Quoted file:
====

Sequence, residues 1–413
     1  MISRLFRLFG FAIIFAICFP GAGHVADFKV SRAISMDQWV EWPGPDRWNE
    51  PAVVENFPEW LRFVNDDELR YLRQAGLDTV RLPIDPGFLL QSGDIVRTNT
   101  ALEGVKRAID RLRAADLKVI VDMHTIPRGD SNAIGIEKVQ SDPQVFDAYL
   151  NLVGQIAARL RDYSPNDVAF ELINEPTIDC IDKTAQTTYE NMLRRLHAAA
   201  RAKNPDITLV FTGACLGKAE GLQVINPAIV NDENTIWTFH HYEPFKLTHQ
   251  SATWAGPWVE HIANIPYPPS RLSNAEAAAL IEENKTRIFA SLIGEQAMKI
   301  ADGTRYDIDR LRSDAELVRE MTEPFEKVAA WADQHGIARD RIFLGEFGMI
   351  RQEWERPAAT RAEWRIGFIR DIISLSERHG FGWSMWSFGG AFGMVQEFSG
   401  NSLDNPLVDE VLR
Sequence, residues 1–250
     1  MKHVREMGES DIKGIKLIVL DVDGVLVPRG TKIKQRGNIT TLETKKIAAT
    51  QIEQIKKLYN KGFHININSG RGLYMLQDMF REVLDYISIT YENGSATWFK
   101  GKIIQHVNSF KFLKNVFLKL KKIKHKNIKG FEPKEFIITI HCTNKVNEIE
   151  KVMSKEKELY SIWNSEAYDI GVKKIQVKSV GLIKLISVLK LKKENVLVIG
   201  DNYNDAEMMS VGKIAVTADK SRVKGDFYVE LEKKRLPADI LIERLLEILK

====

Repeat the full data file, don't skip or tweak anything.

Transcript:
Sequence, residues 1–413
     1  MISRLFRLFG FAIIFAICFP GAGHVADFKV SRAISMDQWV EWPGPDRWNE
    51  PAVVENFPEW LRFVNDDELR YLRQAGLDTV RLPIDPGFLL QSGDIVRTNT
   101  ALEGVKRAID RLRAADLKVI VDMHTIPRGD SNAIGIEKVQ SDPQVFDAYL
   151  NLVGQIAARL RDYSPNDVAF ELINEPTIDC IDKTAQTTYE NMLRRLHAAA
   201  RAKNPDITLV FTGACLGKAE GLQVINPAIV NDENTIWTFH HYEPFKLTHQ
   251  SATWAGPWVE HIANIPYPPS RLSNAEAAAL IEENKTRIFA SLIGEQAMKI
   301  ADGTRYDIDR LRSDAELVRE MTEPFEKVAA WADQHGIARD RIFLGEFGMI
   351  RQEWERPAAT RAEWRIGFIR DIISLSERHG FGWSMWSFGG AFGMVQEFSG
   401  NSLDNPLVDE VLR
Sequence, residues 1–250
     1  MKHVREMGES DIKGIKLIVL DVDGVLVPRG TKIKQRGNIT TLETKKIAAT
    51  QIEQIKKLYN KGFHININSG RGLYMLQDMF REVLDYISIT YENGSATWFK
   101  GKIIQHVNSF KFLKNVFLKL KKIKHKNIKG FEPKEFIITI HCTNKVNEIE
   151  KVMSKEKELY SIWNSEAYDI GVKKIQVKSV GLIKLISVLK LKKENVLVIG
   201  DNYNDAEMMS VGKIAVTADK SRVKGDFYVE LEKKRLPADI LIERLLEILK